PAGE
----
If someone arrived on your doorstep, fleeing a dispute, domestic violence, a robbery or unfair persecution, would you turn them away and say they should have applied properly for your help, should have gone through the proper avenues?

I love Australia, and especially Melbourne, for its array of people who have turned this country into a multifaceted thing, of cultures, foods, people, personality and styles of which we should be proud.

But the xenophobic rubbish that is coming out of politicians’ mouths, being emanated from the media, and being supported by so many of Australia’s citizens is frightening, and shameful.

The Australian government, which so happily welcomed European settlers post World War Two, and allowed fleeing refugees from Vietnam in the seventies and eighties to emigrate, now detains and ‘processes’ refugees seeking asylum for so long that mental illnesses are ripe, suicides are frequent and anyone being passed through the system has to live with the horrors and memory of their detention on top of their already existing trauma of that from which they fled.

A book exists about new Australian emigrants from the 50s, in which there is a picture of my father’s family – A Dutch family of then, 6 children, sitting around a kitchen table at the refugee camp at Bathurst. They look happy. They are together. They have hope because they are in Australia now, narrowly escaping the bombing of Rotterdam which ravaged the streets around their home. They know they are safe now, and that people care. They will be looked after and supported.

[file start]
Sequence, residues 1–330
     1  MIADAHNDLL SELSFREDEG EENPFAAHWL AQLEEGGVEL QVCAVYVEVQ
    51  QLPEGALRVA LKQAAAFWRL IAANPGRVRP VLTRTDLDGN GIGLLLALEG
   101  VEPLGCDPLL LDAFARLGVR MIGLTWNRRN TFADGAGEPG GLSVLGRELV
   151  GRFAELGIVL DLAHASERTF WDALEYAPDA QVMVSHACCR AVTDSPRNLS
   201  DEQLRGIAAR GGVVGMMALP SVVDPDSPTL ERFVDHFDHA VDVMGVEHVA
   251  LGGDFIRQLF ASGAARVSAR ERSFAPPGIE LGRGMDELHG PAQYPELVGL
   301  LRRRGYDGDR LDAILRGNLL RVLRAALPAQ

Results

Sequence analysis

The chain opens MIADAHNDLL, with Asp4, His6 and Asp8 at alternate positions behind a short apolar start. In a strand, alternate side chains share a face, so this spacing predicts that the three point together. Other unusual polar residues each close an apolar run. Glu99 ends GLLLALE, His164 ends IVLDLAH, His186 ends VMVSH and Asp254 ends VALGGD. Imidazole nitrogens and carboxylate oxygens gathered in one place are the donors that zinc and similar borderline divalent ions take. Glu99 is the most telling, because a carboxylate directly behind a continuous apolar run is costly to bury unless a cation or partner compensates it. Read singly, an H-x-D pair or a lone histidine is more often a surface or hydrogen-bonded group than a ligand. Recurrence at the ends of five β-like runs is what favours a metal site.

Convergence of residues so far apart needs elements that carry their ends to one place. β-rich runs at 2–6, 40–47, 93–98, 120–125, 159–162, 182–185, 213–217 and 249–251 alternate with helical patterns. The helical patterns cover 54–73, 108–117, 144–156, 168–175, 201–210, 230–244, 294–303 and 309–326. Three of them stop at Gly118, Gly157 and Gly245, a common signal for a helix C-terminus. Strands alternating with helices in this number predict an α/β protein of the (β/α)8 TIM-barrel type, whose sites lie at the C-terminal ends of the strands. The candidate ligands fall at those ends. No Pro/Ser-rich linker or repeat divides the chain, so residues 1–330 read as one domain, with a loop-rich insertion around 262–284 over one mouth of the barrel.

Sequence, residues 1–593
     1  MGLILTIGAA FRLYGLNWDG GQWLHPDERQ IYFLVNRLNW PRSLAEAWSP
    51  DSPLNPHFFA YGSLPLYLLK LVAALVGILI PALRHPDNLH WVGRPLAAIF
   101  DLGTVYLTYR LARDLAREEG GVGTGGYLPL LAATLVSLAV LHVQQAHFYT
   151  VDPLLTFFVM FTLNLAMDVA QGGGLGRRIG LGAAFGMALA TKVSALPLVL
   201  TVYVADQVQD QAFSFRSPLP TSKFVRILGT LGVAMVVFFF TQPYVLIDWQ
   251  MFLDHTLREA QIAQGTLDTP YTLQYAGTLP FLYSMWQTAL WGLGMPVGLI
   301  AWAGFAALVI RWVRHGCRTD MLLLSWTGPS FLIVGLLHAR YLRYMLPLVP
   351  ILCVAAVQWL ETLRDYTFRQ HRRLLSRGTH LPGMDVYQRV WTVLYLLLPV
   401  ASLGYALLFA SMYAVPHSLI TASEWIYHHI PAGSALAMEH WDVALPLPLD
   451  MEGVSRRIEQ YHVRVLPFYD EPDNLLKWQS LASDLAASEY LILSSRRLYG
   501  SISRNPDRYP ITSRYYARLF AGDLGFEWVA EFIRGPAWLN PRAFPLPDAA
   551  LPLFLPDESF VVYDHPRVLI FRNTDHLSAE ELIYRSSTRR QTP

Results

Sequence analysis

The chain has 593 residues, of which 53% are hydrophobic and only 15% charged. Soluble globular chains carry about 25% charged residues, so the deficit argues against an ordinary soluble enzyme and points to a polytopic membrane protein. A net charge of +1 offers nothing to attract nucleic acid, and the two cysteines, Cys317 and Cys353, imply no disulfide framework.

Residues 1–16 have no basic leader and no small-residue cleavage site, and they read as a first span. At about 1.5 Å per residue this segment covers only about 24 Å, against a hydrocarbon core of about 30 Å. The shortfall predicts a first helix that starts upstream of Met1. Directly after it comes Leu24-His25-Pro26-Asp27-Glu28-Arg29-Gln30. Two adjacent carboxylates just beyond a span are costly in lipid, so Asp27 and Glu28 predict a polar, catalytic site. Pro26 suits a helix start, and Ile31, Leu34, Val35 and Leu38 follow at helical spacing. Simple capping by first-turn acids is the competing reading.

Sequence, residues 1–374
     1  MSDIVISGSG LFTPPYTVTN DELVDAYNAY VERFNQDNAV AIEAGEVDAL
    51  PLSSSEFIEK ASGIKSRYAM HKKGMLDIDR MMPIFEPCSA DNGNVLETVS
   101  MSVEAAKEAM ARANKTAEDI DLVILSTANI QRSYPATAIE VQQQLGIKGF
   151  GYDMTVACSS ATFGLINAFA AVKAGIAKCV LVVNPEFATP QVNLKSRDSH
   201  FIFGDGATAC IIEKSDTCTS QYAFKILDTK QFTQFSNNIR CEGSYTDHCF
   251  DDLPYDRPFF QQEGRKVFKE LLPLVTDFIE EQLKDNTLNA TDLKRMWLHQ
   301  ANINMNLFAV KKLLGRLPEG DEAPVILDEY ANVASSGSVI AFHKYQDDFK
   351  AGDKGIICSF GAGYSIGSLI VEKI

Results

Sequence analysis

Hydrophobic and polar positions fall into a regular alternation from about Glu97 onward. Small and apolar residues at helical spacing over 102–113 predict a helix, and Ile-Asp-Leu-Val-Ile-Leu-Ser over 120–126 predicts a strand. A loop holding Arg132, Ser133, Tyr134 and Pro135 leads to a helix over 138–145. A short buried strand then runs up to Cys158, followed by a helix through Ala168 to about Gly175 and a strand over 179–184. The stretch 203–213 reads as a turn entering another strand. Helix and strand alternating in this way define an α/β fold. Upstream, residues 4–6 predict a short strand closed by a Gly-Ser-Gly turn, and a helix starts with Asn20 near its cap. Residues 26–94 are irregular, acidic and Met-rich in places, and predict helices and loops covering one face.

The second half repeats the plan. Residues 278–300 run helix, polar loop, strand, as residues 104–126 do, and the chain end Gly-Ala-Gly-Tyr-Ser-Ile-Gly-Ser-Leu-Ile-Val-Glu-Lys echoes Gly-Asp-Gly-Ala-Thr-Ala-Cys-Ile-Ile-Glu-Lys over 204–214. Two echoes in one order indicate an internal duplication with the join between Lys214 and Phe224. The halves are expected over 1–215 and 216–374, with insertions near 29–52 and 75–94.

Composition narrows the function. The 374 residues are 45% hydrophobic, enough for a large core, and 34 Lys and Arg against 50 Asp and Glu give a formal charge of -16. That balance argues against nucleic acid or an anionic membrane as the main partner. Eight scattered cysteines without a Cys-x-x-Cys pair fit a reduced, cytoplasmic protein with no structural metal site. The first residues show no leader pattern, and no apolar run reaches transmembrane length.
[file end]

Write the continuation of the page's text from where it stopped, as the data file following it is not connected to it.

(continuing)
Fast forward to today, and refugees are suffering. Leaving their homeland, and facing pain and uncertainty – the parts of life they were trying to escape.

So many times as a child, I was told to ‘put myself in someone else’s shoes’. I thought this was a common, completely non-religiously affiliated plea made by many a parent, many a teacher. How would you feel…? Think about if that was you…

I am frustrated, ashamed, sad and despaired by the tragedies that are occurring in our detention centres, and in the oceans surrounding our nation. I just wonder, if conflict, famine, war, disaster or dictatorship suddenly arose here, and we decided to flee to our neighbouring countries, who, of those around us, could honestly say: “Well, you showed us compassion when we were seeking it, so we will show it to you…”?

I can’t believe this – but I found the picture on the internet! http://completepeter.blogspot.com/2009_03_01_archive.html had the photo on his blog, which he had found through national archives http://www.naa.gov.au/collection

* The final Dateline episode on SBS this week will highlight the story of Les Murray, famed Soccer reporter and commentator, and explore his family’s escape from Hungary, aided by people smugglers. He is eternally and wholly grateful for their role in helping his family, and mentioned on the 744 radio this week that these people responsible for his family’s escape from Hungary, at that time, faced death if caught.